The Mutaytor – Igniting A Scene (Matty Nash Inteview)

What do you get when you combine tribal drums, live-mixed electronica, fire performers, hoop dancers, aerial artists, John Avila (Oingo Boingo) on bass, Steve Reid (Rippingtons/Supertramp) on percussion, a live horn section, chine parade lions, giant screen visuals and a bevy of interactive dancers and performers? The Mutaytor – kind of like your birthday, Christmas, Halloween and New Years Eve all rolled up into one.

“The whole purpose of our group is to ignite and inspire the creative potential of each and every audience member…not just at the concert, but throughout the rest of their lives as well.”

Glide spoke with the founder of The Mutaytor, Matty Nash, about his multi-visual stage spectacle that is igniting the scene.

The Mutaytor performed at The Green Apple Music Festival in NYC and as part of the Jammys with a varied and esteemed group of players. Describe a few of your favorite moments from the experience.

Mutaytor was very proud to collaborate with Mickey Hart, Mike Gordon, Steve Kimock and Baaba Maal at The Green Apple Music Festival. We played a number of different shows with that lineup, creating very unique experiences and musical magic each time. The Jammys concert was amazing, because we got to help arrange and adapt classics such as “Jingo Ba”, “VooDoo Chile” and “Iko Iko,” giving Deadheads a taste of modern versions of their favorites…and these songs went over amazingly well with the audiences.

The highlight of our week was being joined onstage by media icon Walter Cronkite at our Grand Central Station performance. Walter joined us onstage and was drumming on a big drum with a mallet and smiling and winking at the Mutyator performers, and having the time of his life. It was a very special, surreal and inspired collaboration and we had a lot of fun playing with those legends.

You performed at Wakarusa and will be at 10K Lakes Festival and other festivals this summer. What are some of the challenges in taking your show on the road?

Each Mutaytor performance is unique and different, and we have some very specialized special effects, stunts and customized music instruments…creating a unique and once-in-a-lifetime show every time we perform. Some of the wilder things we do are pyro effects like a flame-throwing electric guitar, multiple aerialists doing tricks in the air, and invading the stage with Chinese parade lions and anime characters. Some of the challenges are adapting our large stage show to venues and events that have limited space, ceiling height, ventilation, etc. Safety is first and foremost, so occasionally we have to pare down some of our crazier elements, but we can compensate by doing more interactive sequences with the audience to make up the difference.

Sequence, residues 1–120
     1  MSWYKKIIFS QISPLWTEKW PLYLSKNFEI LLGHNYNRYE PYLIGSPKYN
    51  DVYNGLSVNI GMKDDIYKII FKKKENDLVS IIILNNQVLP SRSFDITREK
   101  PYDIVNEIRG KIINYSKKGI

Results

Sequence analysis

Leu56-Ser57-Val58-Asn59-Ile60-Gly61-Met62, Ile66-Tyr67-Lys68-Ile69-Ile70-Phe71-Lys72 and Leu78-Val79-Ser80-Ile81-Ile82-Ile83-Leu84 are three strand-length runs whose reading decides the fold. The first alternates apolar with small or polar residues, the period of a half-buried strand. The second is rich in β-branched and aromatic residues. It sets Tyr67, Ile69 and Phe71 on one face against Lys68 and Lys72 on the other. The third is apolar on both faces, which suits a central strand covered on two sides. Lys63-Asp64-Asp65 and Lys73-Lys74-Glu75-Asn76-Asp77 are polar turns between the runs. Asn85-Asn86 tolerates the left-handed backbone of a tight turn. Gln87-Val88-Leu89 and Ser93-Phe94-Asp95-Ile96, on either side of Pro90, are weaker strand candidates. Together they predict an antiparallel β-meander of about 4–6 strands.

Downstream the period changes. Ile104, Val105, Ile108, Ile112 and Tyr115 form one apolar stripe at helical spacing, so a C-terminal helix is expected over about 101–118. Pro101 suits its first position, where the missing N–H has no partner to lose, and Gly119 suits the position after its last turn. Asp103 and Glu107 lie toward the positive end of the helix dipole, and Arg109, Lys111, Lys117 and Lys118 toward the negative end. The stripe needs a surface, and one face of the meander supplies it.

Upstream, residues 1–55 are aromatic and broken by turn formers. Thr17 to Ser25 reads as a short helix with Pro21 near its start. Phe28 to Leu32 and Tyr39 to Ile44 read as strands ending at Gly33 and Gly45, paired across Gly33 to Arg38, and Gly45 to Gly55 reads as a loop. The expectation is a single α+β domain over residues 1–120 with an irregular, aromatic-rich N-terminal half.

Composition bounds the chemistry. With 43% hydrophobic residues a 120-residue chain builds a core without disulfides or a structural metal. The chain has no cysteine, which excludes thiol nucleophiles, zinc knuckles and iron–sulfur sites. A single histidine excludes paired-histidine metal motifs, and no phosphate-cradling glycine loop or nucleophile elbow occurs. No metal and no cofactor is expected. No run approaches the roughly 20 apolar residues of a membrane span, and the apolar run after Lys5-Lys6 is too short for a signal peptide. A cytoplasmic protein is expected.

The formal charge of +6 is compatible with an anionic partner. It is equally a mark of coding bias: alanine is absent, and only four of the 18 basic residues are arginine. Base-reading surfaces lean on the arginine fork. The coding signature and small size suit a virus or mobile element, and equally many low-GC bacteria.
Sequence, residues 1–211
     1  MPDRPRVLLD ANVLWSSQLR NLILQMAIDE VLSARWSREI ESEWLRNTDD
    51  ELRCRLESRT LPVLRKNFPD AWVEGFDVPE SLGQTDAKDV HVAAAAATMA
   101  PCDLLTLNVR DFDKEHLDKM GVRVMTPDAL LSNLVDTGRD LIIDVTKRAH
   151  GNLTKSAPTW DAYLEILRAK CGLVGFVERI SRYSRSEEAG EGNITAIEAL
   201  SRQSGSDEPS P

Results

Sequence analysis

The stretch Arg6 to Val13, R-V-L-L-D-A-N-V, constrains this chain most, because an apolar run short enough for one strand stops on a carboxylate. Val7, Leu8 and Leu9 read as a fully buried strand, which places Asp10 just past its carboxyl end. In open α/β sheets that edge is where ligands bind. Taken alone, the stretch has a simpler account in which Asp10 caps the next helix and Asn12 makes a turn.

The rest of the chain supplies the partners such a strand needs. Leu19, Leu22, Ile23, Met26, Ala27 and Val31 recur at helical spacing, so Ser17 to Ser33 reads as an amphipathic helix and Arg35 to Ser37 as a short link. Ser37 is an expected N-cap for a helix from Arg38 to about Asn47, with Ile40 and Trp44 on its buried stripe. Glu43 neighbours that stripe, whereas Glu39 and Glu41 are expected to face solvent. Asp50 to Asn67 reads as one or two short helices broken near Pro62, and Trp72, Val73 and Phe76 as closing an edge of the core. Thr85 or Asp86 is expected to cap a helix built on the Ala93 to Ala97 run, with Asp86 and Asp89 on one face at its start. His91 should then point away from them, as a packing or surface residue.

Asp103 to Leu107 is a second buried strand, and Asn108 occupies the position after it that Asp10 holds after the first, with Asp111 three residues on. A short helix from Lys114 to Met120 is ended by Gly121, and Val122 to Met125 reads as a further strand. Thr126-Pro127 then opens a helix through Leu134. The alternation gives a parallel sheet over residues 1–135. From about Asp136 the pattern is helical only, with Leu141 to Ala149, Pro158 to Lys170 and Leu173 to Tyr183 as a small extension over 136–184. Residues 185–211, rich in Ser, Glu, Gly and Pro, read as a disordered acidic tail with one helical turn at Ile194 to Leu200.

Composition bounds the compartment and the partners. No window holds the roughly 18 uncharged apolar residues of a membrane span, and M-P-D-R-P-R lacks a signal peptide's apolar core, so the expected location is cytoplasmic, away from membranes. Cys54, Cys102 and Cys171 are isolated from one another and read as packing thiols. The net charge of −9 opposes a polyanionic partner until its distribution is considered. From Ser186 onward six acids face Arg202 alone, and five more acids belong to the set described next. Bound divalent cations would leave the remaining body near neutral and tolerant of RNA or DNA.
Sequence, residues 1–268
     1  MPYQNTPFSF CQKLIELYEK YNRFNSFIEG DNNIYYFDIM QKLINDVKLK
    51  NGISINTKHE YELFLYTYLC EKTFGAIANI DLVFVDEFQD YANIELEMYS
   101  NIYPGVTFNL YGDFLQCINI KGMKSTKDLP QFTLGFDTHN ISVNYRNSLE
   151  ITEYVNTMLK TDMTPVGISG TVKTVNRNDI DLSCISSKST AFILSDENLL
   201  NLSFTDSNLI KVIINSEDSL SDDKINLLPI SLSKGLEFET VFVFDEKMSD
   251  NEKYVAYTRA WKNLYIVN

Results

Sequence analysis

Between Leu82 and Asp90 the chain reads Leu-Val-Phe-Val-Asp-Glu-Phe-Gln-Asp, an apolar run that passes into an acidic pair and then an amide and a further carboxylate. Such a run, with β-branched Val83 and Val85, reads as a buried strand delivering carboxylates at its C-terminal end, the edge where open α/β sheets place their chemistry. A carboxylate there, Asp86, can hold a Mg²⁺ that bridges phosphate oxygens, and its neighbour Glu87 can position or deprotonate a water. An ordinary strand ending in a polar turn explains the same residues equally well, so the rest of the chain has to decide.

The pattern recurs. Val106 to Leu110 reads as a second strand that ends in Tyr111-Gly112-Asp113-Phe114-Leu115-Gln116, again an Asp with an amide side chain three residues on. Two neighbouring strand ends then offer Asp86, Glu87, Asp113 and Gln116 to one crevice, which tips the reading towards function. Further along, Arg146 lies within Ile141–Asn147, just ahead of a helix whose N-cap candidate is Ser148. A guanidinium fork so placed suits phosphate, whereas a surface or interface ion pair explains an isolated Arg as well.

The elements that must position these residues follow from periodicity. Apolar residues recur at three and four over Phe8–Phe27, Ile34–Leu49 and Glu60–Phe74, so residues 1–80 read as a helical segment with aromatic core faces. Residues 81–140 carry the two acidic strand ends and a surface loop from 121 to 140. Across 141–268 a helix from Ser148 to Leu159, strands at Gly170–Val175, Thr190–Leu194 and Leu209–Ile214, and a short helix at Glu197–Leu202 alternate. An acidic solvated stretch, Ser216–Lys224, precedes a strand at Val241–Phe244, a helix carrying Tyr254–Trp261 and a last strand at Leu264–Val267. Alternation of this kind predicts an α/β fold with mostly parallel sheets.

You use a lot of fire in your performances. What kind of regulations and safety issues do you deal with there?

Mutaytor has been performing with fire since 1999, and we’ve had to undertake a great deal of training, rehearsal and education to create safe, legal fire shows in every city that we perform in. We have a rigorous checklist and safety data sheet that address dozens of variables for every show, and we work closely with the fire departments and municipal codes at every venue. We do a very safe, but exciting fireshow and many of our devices and creations are one-of-a-kind.

The Mutaytor seems to be building bridges between the Burning Man and jamband communities. Describe what happens when those two worlds collide.